Friday, June 17, 2011

Books: A Journey Into The Mind Of Philip K. Dick - Revisited

If we believe publishers, bookstores and libraries, biographies are non-fiction. Are they? How could someone know the life of another person, especially when their subject is dead? But anyway, Emmanuel Carrère did a great job.

His Philip K. Dick biography "I  Am Alive And You Are Dead. A Journey Into The Mind Of Philip K. Dick" is a fascinating read. The book, written in French, is also available in English.

The author based his elaborate guessing not just on the known facts about the life of the great Science Fiction author. Carrère also used a lot of analytics, logics, psychology and common sense to construct a fascinating novel about a real life.

His book is like a mathematical derivation. The author used the ideas of Dick`s novels and stories, thus the printed thoughts of Philip K. Dick,  and then deduced how the science fiction genius may have thought in a special situation. The plot of the book is a kind of a second derivation of Dick´s published ideas ensnared with known facts of the science fiction author´s live.

The main issue of Dick´s tales is the question of identity: "Who am I". You may know the movie "Blade Runner", based on Dick´s novel "Do Androids Dream of Electric Sheep?" The film ends with the question: Who is the android-hunter Rick Deckard (played by Harrison Ford)? Is he really human or is he another android, without knowing it?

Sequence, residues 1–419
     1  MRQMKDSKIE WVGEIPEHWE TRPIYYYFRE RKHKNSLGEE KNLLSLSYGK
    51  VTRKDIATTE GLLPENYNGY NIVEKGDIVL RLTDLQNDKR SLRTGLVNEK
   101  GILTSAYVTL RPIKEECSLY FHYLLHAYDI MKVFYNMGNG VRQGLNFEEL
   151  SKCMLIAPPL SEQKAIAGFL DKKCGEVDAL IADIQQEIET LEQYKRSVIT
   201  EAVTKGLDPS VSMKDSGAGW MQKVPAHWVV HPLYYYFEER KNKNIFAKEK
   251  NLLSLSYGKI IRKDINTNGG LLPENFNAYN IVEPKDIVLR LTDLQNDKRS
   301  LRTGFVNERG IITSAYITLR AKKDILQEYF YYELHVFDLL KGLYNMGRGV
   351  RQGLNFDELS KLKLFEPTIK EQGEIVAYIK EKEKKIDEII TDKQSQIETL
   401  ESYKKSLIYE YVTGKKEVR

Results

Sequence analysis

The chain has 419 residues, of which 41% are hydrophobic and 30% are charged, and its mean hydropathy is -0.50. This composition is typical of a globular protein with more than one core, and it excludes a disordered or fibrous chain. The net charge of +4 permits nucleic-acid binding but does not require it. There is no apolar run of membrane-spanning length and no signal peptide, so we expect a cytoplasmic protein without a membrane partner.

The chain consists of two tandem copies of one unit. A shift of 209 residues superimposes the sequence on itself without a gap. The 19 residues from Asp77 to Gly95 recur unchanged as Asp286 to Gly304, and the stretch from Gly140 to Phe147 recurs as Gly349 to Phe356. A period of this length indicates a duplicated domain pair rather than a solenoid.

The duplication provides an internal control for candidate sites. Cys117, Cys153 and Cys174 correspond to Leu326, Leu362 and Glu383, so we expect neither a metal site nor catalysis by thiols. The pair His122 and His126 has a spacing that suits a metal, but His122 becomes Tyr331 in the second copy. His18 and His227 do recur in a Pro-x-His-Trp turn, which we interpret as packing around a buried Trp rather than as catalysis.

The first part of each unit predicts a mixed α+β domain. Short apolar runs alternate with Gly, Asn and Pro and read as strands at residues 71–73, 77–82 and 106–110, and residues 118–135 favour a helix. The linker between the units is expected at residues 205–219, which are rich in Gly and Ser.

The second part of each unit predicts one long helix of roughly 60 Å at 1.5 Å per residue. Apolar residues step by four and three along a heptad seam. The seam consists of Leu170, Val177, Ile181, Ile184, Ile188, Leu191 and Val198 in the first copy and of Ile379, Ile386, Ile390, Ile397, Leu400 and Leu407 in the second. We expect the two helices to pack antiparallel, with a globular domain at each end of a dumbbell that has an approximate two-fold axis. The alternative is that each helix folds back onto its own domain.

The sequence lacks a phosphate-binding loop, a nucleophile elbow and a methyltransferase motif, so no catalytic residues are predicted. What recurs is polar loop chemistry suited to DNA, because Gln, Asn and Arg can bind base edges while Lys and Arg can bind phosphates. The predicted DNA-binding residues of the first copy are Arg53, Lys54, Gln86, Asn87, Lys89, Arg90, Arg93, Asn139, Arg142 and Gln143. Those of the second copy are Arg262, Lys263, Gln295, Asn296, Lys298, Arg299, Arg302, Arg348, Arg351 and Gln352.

Another film, "Total Recall" (based on Dick`s story: "We Can Remember It for You Wholesale"), deals with a similar question: Is the memory of the character Doug Quaid (played by Arnold Schwarzenegger) real or just implemented like a software.

Both questions, which are very philosophical and maybe theological, seemed to have a great influence on Dick´s thinking and life. It seems the great Science Fiction writer had to fight in his life with similar questions, at least Carrère is suggesting it.

Carrère used his talent to interweave episodes of Dick`s life with analytical deductions. His journey shows - or at least lets us imagine - how Dick dealt with his wives, friends and daughters. How he struggled with his foes, especially the internal revenue service, with publishers, drugs and also with himself. Dick was almost as eccentric as the characters in his books. He used a lot of drugs, experimented with religion and East-Asian philosophies and in his lifetime became more and more bizarre and paranoid.

Carrère displays a lot of humor and narrative talent - both make the book a funny read. Following this journey "into the mind of Philip K. Dick" is a great intellectual pleasure.

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